17th Kinotavr Open Russian Film Festival Sochi
Ron Holloway, Berlin, 20 June 2006
Credit the convertible ruble (effective 1 July 2006) to partially making the 17th Kinotavr Open Russian Film Festival in Sochi (4-12 June 2006) under managing director Alexander Rodyansky a truly watershed event. For Sochi 2006 not only marked the end of an era of stagnation in Russian cinematography, but it also heralded the birth of a dynamic new art film that is currently capturing the attention of film professionals the world over. Let the facts speak for themselves. Sochi 2006 was a $3 million festival event, whose importance exceeded that of the other two June-scheduled Russian festivals: the Moscow International Film Festival (MIFF) and St. Petersburg Festival of Festivals. Spectators could watch the cream of Russian film production with new state-of-the-art projection equipment installed in the Winter Palace. And invited guests resided in plush five-star hotels overlooking beach restaurants on the Black Sea. Indeed, Sochi the “Russian Riviera” is a must for cineastes on the festival calendar.
Circa 1500 guests 250 representing 15 TV channels and 200 periodicals attended this year’s blowout to celebrate, for the first time in two decades, the victory of Russian cinema over American movies at on the home box front. Indeed, 2005 was a genuine breakthrough year on the home market. The collective take at 1036 venues ranged in the neighborhood of $350 million, of which $101 million could be accredited to two Russian blockbuster features alone: Timur Bekmambetov’s science-fiction Nightwatch / Daywatch epic bagged $24 million in 2005, while Fyodor Bondarchuk’s patriotic war drama The Ninth Company is predicted to pass that figure by mid-2006. This “goldrush” mentality prompted Sochi festival head Alexander Rodyansky to invite key representatives of the “Club of European Producers” to Sochi for a two-day seminar. The upshot? An announcement was made to the effect that Russian producers in the future no longer feel the need to rely on European coproduction partners for a place in the festival sun. They will now go this thorny path alone.
Altogether 70 feature films and 130 shorts were sent for consideration to the Sochi festival, from which 120 were screened at three venues. An announcement was made that, following the festival, the award winners would be presented at key cities across Russia and the Ukraine: St. Petersburg, Kiev, Ekaterinburg, Perm, Samara, and Tomsk. The Competition numbered 15 feature films, plus another 32 in the Kinotavr Shorts showcase. As for the attractive sidebars, these included “Russian Euphoria” (6 films curated by critic Andrei Plakhov), “Cinema on the Square” (10 films programmed as outdoor screenings on the square before the Winter Palace, “Special Screenings” (6 reconstructed and restored Russian masterpieces), “In the Mirror of the Document” (17 new documentaries selected by critic Rita Chernenko), “1990s The Cinema That We Lost” (9 reevaluated film curated by critic Larisa Malyukova), “The Beginnings of the Leningrad School” (4 films programmed by historian Alexander Shpagin), “Festival Winners” (8 awarded films at key international film festival programmed by Sitora Alieva), and “9 Palms” (previous Cannes Golden Palm winners selected by critic Sergei Lavrentiev.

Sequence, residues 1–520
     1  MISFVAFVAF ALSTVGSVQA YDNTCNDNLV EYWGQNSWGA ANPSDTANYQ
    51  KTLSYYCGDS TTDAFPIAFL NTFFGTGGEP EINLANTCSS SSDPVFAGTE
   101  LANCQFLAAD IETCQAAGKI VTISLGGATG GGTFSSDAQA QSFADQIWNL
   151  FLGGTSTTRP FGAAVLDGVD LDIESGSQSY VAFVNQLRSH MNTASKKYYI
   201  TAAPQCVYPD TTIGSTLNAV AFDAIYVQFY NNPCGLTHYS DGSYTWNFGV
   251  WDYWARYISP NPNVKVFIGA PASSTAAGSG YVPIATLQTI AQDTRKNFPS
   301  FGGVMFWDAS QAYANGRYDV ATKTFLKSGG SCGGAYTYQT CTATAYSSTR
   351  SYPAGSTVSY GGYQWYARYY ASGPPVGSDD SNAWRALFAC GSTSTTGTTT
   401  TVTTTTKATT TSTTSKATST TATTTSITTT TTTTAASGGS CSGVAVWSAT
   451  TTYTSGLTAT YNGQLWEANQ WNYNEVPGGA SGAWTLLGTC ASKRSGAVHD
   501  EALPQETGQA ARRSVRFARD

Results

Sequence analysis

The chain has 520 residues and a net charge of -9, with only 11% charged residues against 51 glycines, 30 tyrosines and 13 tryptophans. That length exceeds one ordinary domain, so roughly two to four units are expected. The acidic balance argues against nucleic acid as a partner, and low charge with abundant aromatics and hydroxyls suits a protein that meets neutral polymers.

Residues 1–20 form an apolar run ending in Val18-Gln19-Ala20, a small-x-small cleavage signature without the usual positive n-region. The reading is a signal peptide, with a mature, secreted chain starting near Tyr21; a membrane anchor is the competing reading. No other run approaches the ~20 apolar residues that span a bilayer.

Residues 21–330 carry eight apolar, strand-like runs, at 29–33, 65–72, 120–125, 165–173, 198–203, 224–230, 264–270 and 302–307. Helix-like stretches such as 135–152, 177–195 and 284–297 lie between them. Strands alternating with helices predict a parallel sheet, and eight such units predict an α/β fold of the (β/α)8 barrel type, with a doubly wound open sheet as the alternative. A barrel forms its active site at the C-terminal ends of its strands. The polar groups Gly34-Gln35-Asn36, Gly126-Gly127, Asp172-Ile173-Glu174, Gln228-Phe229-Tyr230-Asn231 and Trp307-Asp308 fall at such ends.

Altogether, 70 feature films and 130 shorts were sent for consideration. The festival opened with an out-of-competition screening of Pavel Lungin’s Ostrov (The Island), a World War Two expiation tale about a man who owes his life to monks living in isolation on an island. The top award went to Kirill Serebrennikov’s Izobrazhaya zhertvu (Playing the Victim), a screen adaptation of a popular stage play by the brothers Oleg and Vladimir Presnyakov, that leans heavily on comic antics to reconstruct crimes for fumbling criminal investigators by paying needy bystanders to “play the victims” before a running video-camera. Kirill Serebrennikov also received a share of the “White Elephant Award” by Russian critics. The other half went to Boris Khlebnikov’s Svobodnoye plavaniye (Free Floating), its director also singled out for Best Director by the festival jury. Free Floating, an absurdist tale set in a provincial town on the Volga, follows a young man in pursuit of a job, any job, in an environment where work is almost synonymous with lethargy.
Visiting festival directors and foreign critics praised the Competition in the 17th Kinotavr Open Russian festival as the best in recent memory. Among those sure to receive festival invitations were films that also received a boost from the Russian jury. In Alexei Balabanov’s light comedy Mne ne bolno (It Doesn’t Hurt) a trio of would-be designers fresh out of school find work by pulling the wool over the eyes of the nouveau riche. Their antics won Best Actor and Actress awards for Alexander Yatsenko and Renata Litvinova, both of whom are talents to keep an eye on in the future. The same goes for popular young actor Andrei Chadov in Alexander Veledinsky’s Zhivoy (Alive). He plays an war-injured soldier returning home from Chechnya to find that a “normal life” has already beyond his grasp. Unable to understand why he is still alive while his two best friends are dead, he enters upon a give-and-take dialogue with their ghosts as he wanders aimlessly around in search of a way to redeem himself.